this movie slow compared to today,or quaint even,which is probably
true,to some degree,but i liked it.For me,"The Taking Of Pelham One Two
Three" is a 4/5
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Format: DVD
First of all, it is disappointing that there is nothing in the way of bonus features on this DVD. Yes, most of the stars are dead, but some commentary from Hector Elizondo, maybe? Or Jerry Stiller? Something...please!
Anyway, I always loved this movie as a kid (and had never seen it unedited either, so was surprised at the amount of cussing for its time). Bought the DVD and put it in, hoping it would still entertain. And it does!!!
The heist of hijacking the subway is a bit low-tech, and it's kinda funny to see all the good guys talking to each other through very unsophisticated equipment. Walter Matthau, as the Lt. Garber, the main good guy trying to thwart the hijackers, is constantly flipping switches while he talks to the hijackers, then turns them off to talk to the cops, then turns cops off to talk to Transit police, then off to talk to...well, you get the idea. But it's actually good that the movie is low tech. There are no pretenses of using sophisticated equipment (sophisticated for the '70s) that would now seem ridiculous or laughable. It's a fairly straightforward cat and mouse game, played well.
The script is well written. There are lots of sly moments of humor, especially early on, when Matthau is giving a tour of the subways to a group of Japenese that he thinks don't speak English. Well, after insulting them left and right, it is revealed that they do understand after all. There are lots of bits peppered throughout. But it's pretty tense stuff, since the hijackers only give the authorities ONE HOUR to come up with ONE MILLION (yep, shades of Dr. Evil in Austin Powers). Apparently, ONE MILLION was an absolutely outrageous ransom to demand!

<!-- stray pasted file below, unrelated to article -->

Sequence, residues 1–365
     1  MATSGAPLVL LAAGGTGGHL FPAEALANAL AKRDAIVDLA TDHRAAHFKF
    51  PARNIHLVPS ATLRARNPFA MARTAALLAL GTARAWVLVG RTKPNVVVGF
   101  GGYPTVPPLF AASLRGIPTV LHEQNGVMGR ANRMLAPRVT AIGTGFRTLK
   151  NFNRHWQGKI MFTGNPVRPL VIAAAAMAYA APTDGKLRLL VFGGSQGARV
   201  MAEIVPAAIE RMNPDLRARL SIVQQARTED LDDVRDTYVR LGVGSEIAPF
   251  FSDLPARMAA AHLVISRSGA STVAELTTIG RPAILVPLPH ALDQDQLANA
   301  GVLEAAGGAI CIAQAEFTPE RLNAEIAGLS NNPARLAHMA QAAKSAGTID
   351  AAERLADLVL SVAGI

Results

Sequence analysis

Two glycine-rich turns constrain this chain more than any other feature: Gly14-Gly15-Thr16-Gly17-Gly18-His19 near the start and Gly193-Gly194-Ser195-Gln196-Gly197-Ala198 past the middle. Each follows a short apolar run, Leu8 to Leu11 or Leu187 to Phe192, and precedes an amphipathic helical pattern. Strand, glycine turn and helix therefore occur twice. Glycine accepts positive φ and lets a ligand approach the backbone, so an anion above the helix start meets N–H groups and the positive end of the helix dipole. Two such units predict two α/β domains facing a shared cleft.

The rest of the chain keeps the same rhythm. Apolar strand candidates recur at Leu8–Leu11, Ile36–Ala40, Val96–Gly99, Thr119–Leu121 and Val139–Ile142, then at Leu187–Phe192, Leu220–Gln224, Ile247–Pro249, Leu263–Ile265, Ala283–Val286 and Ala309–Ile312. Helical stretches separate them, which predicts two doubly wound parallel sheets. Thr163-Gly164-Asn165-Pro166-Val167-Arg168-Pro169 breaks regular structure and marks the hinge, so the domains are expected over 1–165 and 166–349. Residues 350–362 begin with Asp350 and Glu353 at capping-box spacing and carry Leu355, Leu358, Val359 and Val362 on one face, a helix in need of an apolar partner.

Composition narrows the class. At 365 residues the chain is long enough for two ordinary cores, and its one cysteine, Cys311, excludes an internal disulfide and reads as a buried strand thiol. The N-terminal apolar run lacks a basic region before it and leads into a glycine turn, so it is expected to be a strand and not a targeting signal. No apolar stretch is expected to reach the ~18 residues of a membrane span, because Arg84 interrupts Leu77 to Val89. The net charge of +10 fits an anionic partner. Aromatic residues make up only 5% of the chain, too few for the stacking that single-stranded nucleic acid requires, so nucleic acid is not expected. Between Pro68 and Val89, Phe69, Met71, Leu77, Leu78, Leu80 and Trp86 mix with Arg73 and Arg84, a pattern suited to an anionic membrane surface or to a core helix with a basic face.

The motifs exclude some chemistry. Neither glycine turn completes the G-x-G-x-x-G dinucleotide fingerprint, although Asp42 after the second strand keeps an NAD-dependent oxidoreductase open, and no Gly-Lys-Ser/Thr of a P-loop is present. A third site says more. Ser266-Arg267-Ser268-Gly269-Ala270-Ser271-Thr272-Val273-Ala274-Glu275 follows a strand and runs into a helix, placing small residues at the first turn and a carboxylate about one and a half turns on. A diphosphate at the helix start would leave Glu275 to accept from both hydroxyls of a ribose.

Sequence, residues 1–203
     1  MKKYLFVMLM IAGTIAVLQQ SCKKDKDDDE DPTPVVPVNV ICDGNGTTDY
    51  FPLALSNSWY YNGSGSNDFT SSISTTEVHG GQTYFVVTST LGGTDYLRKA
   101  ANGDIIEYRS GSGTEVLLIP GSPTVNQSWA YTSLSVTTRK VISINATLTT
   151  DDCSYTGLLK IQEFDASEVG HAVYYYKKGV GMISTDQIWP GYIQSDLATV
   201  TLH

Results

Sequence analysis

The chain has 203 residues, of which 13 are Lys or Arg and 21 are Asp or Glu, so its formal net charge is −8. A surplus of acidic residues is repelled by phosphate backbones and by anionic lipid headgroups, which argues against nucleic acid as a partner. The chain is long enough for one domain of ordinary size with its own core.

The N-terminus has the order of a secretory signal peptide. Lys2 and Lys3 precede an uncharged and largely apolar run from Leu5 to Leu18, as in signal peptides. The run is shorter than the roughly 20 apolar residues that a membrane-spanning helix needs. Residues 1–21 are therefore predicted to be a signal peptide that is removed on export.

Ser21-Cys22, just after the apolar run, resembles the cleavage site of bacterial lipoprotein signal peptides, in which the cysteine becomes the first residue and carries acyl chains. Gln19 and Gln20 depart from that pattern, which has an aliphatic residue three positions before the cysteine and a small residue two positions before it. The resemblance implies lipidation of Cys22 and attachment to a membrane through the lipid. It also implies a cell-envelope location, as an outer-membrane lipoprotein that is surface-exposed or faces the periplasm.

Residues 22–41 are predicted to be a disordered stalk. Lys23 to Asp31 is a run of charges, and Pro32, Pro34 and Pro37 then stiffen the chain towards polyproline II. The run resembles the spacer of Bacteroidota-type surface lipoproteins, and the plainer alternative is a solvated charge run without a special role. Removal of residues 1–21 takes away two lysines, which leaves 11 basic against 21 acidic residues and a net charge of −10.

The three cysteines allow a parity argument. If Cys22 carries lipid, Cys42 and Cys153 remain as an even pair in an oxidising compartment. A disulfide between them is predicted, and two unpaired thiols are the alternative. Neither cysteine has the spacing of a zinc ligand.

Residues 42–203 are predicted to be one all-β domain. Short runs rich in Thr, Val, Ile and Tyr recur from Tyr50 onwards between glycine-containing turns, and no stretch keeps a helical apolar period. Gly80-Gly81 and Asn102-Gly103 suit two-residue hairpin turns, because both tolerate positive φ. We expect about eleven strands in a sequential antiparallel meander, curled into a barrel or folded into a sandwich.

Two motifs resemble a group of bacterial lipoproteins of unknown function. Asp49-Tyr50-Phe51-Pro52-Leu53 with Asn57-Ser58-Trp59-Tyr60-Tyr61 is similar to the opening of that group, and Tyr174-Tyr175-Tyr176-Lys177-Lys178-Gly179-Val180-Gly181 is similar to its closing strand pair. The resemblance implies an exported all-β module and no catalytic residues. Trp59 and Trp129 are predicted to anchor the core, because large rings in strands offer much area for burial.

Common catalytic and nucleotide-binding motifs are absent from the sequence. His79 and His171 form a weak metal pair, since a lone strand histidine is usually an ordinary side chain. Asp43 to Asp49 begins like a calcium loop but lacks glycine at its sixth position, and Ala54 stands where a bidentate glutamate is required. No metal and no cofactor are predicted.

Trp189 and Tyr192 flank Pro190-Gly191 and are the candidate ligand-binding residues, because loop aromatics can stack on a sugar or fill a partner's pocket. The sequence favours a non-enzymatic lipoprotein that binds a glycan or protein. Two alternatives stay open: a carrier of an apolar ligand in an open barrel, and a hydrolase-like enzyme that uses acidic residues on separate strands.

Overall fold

The performances are solid.
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Format: VHS Tape
New York often serves as the backdrop for films. There is something about the buildings, the people, the subways that stamp New York as unique. Love blossoms, criminals go wilding, a many hued population often meet, if for only a time, to impact on each other. This is the New York of THE TAKING OF PELHAM ONE TWO THREE. In an age where ideological terrorism seems to be taking root here and overseas, it is refreshing to see that the bad guys can still be motivated by big bucks, and one million of them is nothing to sneeze at. One million dollars is the price that a band of hijackers demand to release no one special, just the dozen Typical New Yorkers (hookers, gray suits, super fly wanna bees, hysterical Latina mammas with unruly kids in tow, and of course, an undercover cop) who ride the subways every day.
There are many reasons why this film clicks as much now as when it was released in 1974, but the main reason is the growing interplay between the chief hijacker (Robert Shaw) and a tired, wisecracking Transit Cop (Walter Matthau). These two could not be more unlike. Shaw's hijacker is merciless, deadly, and does not believe in repeating orders or extending deadlines. Matthau's character radiates the fatigue that grinds down all railway police but still manages to dredge up from deep within the need to talk, even if only to wisecrack with cop buddies. In the film, they never meet until the very end, but they talk, and talk, and talk some more. In fact, their extended conversation reveals their respective probing natures. Shaw's is to see how far to give a microinch before executing a hostage. Matthau's is to gain some inner feeling for the man whose finger is on a trigger.